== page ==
Friday, May 01, 2015

Mysteries Behind The O.K. Corral

May 1, 2015
   How did a botched, misdemeanor arrest go from a footnote to one of the THE seminal moments in Old West history? That is a question we aim to answer in an upcoming issue of True West.

 Daily Whip Out: "Wyatt Gets To Fighting While Ike Beats Cheeks"

Mysteries Behind The O.K Corral
   For most of three decades, as cinema took hold of the world's imagination, the Tombstone story was more or less ignored. What happened in the 1920s to change that? And what did it take for Wyatt's story to finally take its place, front and center, in the hallowed grounds of Western myth and legend?

   Part of this answer is found in a new novel by Mary Doria Russell. Here is her set-up:

"To understand the gunfight in Tombstone, stop—now—and watch a clock for thirty seconds. Listen to it tick while you try to imagine one half of a single minute so terrible it will pursue you all your life and far beyond the grave.

Begin your half minute with righteous confidence though you stand six paces from armed and angry men. They have abused you. They have threatened your life. Your rage and fear are justified. They are in the wrong. You are within the law. About all this, have no doubt.

Two quiet clicks. A breathless instant. The gunfire becomes deafening. When a sudden silence falls, just thirty seconds later, the life you thought was yours will be over. . .

Whatever your name, it will be blackened.

Every flaw, every mistake held up for scrutiny, condemnation, ridicule. Your secrets made public. Your reputation twisted and sere as a blighted leaf. Every accomplishment, every act of kindness or courage forgotten. Everything you were, everything you hoped for, everything you planned. . .gone.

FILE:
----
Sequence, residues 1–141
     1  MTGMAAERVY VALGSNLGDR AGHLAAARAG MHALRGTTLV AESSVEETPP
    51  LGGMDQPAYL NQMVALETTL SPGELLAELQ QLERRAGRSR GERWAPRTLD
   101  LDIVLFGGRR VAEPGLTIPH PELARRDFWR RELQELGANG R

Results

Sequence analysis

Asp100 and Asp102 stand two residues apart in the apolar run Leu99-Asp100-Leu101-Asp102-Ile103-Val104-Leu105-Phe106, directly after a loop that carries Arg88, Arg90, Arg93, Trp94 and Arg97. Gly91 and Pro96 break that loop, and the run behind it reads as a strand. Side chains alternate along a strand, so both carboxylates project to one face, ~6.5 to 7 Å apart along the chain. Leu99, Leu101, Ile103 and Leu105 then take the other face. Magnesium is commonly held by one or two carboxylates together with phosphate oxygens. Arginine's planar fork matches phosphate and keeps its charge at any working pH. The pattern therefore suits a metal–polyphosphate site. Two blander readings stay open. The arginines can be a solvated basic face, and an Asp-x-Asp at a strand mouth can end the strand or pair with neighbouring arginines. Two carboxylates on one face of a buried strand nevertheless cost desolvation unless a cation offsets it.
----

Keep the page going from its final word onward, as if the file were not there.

Whether you live another five minutes or another fifty years, those awful thirty seconds will become a private eclipse of the sun, darkening every moment left to you. You will be cursed with a kind of immortality. Year after year, everything that did and did not happen during those thirty seconds of confusion and noise, smoke and pain will be analyzed and described, distorted and disputed.

A century will pass, and decades more. Still, the living will haunt the dead as that half minute becomes entertainment for hundreds of millions round the world. Long after you die, you will be judged by those who cannot imagine standing six paces from armed and angry men.

Not even for thirty seconds."

—Mary Doria Russell, in her novel "Epitaph"

"That is damn near poetry."
—BBB upon hearing his wife read this opening aloud, while her husband drank coffee in bed, after returning from the Tucson Book Festival where Kathy bought a signed edition of "Epitaph."


  1. I read her book about Doc Holliday and loved it. I'll be getting this one too.

  2. The same way a botched arrest in Baltimore led to riots and six indictments of the arresting officers

  3. Anonymous9:25 PM

    When I look at or read anything about the Old West, including this magazine, I think about how the majority of those interested are probably Baby Boomers. I'm one.. and I am curious - what is BBB's perspective regarding the interest in the Old West? (this is a literary but also a marketing question).. Will the decline of the Boomer gen bring about a decline in this interest?..will there be enough interest within younger gens? How do today's teen-through-thirty-somethings feel about the Old West.. I know many show interest and in smaller western towns, especially, there are young people who effect the lifestyle of "Western"..but.. my gen was and still is huge. Any analysis/surveys been done about this? I've been in AZ since 61 when I was 13.. graduated from the 8th grade in that one room school in Crown King and rode a mule there most summers..I worked on a western collection at UofA and lived all over this state..and now live on my property along the banks of the Gila River. I'm a Viet Vet and Forest Service retiree..and local songwriter and performer.. I love the Old West and have read much about it, especially since shotgunning my TV eight years an article about the above interest in the West would be a timely piece.. thanks


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